LOL, Sorry folks. I had to do that play on you people. It's funny, because most people do not remember the rest of religious when they speak about them or pray for them.
I like this simple table. It helps. Red are consecrated men and women. Black are not consecrated men and women.
WOMEN RELIGIOUS: All live in sorority. Title of address is Sister in the Roman Church or Mother in the Orthodox Churches
Hermit: live alone, consecrated, may belong to an order or be a diocesan hermit
Nun: enclosed, makes solemn vows, belongs to a religious order (i.e. Poor Clares, Caremilite Nuns, Dominican Nuns, Benedictine Nuns, Trappistine Nuns, Augustinian Nuns). Note: Poor Clares are not connected with the Franciscan men. Francis founded them to be completely autonomous. They have their own rule of life written for them alone.. They are the only order of nuns who have the privilege of autonomy and their own rule. They answer only to the abbess and the local bishop. There is no superior general and Franciscan men may not have any affairs with them.
Sister: active, not enclose, makes simple vows, belongs to a congregation or society (i.e. Franciscan Sisters, Caremelite Sisters, Dominican Sisters, Benedictine Sisters, Augustinian Sisters, Sisters of St. Joseph, Sisters of Mercy, Missionaries of Charity, Daughters of Charity)
MALE RELIGIOUS: All live in brotherhoods. Title of address varies with each institute.
Hermit: live alone, consecrated, may belong to an order or be a diocesan hermit, may be ordained with the superior's permission, ordination not necessary (i.e. Carthusians). Proper title depends on their tradition.
Monk: enclosed, makes solemn vows, belongs to an order, may be ordained with the abbots permission, ordination not necessary (Benedictine family). Proper title depends on the monastery.
Friar: semi-enclosed, makes solemn vows and belongs to an order or makes simple vows and belongs to a congregation, may be ordained with the superior's permission, ordination not necessary (Franciscans, Carmelites, Augustinians, Dominicans, Trinitarians). Proper titles are one of the following: Friar, Brother, Frater, Fra.
Lay Brother: active, makes simple vows, belongs to a congregation (Christian Brothers, Xaverians, Marianists, Marians, Marists, Good Shepherd). May be ordained with the permission of the General Council. Proper title is Brother or Father if allowed by the congregation.
Clerk Regular: active, makes simple vows, belongs to a congregation of clerics, society of clerics, apostolic society of clerics (Salesians, Vincentians, SOLT, Redemptorists, Fathers of Mercy, Divine Word). Most are ordained. Proper title is Father unless they are not ordained, then they are Brother. Jesuits are Clerks Regular, but they are the only ones who are allowed to make solemn vows and are completely exempt of any form of Church government, except for the pope.
Secular Orders members of an actual order, not an association or a secular institute
*Francsican: * married, single, ordained (i.e. live separately, fucntion as a community, follow the same rule of life written just for them by St. Francis, have a superior general, answer only to the pope, not dependent or governed by the friars, nuns or sisters of the Franciscan family. In other words, Francis founded them to be completely autonomous.)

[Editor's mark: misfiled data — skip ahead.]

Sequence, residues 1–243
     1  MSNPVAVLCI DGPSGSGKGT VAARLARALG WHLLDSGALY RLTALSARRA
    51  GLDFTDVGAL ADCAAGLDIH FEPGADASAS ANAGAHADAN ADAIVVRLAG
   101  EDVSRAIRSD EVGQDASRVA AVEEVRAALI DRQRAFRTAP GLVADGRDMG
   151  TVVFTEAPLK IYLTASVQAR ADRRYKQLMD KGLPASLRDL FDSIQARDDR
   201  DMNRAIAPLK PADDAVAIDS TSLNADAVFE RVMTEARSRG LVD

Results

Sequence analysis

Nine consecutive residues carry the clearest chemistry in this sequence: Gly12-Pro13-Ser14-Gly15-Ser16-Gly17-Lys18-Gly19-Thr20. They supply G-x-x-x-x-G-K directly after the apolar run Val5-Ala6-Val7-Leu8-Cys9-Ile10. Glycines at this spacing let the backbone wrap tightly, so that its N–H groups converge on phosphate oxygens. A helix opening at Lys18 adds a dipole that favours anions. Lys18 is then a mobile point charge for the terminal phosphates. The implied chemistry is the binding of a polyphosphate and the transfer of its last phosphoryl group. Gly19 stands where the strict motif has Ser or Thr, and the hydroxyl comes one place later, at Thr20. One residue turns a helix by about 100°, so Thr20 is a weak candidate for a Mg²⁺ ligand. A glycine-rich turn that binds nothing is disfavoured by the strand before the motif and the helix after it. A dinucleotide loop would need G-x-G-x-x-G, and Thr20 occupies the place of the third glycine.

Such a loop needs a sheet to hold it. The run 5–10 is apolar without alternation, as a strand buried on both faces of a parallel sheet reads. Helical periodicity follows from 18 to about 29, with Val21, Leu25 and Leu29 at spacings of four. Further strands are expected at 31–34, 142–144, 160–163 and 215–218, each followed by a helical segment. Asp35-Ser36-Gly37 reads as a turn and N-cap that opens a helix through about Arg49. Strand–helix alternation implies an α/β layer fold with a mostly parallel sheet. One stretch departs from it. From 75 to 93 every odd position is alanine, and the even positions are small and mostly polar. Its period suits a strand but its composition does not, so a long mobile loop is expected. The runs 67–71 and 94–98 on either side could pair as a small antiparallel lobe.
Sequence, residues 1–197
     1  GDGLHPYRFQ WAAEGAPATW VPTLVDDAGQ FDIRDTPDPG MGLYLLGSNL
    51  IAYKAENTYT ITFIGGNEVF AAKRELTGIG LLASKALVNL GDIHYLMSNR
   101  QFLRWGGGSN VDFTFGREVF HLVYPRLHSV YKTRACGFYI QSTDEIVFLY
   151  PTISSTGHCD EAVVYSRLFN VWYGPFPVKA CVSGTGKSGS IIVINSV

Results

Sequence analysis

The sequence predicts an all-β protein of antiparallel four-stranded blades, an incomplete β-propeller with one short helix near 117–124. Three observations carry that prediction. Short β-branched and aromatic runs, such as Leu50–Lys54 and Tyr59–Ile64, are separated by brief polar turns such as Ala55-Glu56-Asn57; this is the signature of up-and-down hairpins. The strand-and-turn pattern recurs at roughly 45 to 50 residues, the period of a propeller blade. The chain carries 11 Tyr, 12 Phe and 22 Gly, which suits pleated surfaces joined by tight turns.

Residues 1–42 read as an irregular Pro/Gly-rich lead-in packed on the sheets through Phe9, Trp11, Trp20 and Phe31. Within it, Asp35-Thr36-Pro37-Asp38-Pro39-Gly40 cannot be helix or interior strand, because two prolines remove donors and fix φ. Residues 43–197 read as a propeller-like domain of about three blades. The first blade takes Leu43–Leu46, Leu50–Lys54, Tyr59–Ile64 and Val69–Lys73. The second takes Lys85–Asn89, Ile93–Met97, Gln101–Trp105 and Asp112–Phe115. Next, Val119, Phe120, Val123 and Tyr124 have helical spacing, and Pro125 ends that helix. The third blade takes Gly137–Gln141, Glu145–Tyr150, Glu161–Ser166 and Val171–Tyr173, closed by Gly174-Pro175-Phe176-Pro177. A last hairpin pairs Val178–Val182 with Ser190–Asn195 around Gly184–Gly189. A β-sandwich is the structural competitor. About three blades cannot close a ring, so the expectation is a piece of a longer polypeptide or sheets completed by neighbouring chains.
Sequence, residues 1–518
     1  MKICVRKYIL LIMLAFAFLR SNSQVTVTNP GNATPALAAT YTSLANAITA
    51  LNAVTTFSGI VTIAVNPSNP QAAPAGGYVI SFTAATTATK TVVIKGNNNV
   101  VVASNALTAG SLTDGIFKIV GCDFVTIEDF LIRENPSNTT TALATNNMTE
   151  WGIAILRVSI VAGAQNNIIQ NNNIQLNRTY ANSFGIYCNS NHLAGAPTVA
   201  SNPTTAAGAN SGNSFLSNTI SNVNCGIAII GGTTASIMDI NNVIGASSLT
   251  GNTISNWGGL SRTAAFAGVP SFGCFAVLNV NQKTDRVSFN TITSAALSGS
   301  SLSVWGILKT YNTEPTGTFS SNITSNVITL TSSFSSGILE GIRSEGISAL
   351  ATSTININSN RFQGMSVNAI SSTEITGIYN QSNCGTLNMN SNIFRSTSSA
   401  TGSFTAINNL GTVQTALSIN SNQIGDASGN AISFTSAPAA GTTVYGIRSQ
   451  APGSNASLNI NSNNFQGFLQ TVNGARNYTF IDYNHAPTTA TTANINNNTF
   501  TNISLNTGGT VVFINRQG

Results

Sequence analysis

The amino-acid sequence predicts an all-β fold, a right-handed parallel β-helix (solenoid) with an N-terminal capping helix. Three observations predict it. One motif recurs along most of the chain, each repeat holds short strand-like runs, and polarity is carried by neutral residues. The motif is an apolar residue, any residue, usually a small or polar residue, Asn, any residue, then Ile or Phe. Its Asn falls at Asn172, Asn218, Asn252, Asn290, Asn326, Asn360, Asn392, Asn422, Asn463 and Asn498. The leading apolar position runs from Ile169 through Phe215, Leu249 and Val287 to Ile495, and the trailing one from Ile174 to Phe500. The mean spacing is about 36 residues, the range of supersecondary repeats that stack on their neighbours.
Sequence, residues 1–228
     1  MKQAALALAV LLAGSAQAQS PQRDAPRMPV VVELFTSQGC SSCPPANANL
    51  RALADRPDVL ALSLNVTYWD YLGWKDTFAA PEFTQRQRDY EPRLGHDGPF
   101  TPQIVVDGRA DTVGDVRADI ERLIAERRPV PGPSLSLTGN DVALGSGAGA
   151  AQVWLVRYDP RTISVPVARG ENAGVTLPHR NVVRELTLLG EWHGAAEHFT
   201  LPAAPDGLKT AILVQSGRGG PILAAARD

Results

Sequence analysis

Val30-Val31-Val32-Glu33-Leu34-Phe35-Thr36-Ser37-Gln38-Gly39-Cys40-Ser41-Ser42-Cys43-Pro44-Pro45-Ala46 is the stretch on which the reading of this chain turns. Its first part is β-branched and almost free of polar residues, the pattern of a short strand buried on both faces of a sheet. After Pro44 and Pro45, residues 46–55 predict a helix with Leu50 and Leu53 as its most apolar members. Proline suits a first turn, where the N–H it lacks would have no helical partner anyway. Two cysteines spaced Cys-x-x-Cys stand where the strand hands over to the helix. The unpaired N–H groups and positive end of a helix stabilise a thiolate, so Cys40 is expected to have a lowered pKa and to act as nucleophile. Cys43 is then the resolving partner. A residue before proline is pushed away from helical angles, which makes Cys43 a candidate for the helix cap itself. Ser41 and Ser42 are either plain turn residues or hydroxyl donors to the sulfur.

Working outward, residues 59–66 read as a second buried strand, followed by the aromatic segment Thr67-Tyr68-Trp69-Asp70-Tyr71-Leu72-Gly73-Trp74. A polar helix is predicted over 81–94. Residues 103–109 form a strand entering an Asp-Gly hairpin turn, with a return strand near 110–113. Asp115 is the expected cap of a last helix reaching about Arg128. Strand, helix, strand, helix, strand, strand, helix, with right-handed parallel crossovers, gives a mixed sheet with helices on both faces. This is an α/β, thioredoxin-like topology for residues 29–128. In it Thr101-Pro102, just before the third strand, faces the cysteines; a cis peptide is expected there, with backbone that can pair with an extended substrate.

Carmelite: married, single, ordained (i.e. live separately, function as a community, follow the rule of the Carmelite Order, depend on the friars of the Carmelite order, do not have a superior general, but have their own form of government under the guidance of the Carmelite Friars)
*Dominican: * same as secular Carmelites
Third Orders: married or single, associate with a religious community, follow the rule and life of a religious community, less structured than a secular order, do not have a superior general, not a canonical order, do not make profession of vows
Societies of Apostolic Life usually made up of secular priests, are not consecrated, do not make vows, do not have a rule of life, governed by statutes that they can change democratically (i.e. SSPX, FSSP, Institute of Christ the King, Maryknoll, Sulpicians, Trinitarians (Fr. Corapi's)
Oblates: usually attached to one of the monasteries in the Benedictine family. Each monastery is autonomous. Married, single or ordained. Do not make vows. Live according to the Spirit of St. Benedict. Do not have a rule of their own. Do not have superiors general. Do not have canonical status as a group. Each oblate makes a gift of himself.
Our dear sisters fall into the group of Women Religious or Consecrated Life, but not into the group properly known as nuns. Even the vows have different obligations and rights from those of nuns. Most sisters were foiunded to be very active. To avoid having to succumb to the rules of nuns, the founders deliberately created them without a rule of life. That's why they do not use the title "order". Order means that one's life is ordained by a rule. They came to be called congregations, meaning to gather together. That's how they came to be free to live in apartments and other dwellings, if they choose to do so, as long as they form communities or congregate as a sisterhood. It's up to them to decide where and how they live. There is no universal rule for sisters. There are customs that have prevailed for centuries, but these were never legally binding. The same applies to congregations of lay brothers. Sisters and lay brothers are counterparts. These are not the same lay brothers that you find among the monks and friars. The lay brothers among the monks and friars are properly monks or friars.
Hope this helps.
Br. JR, OSF :)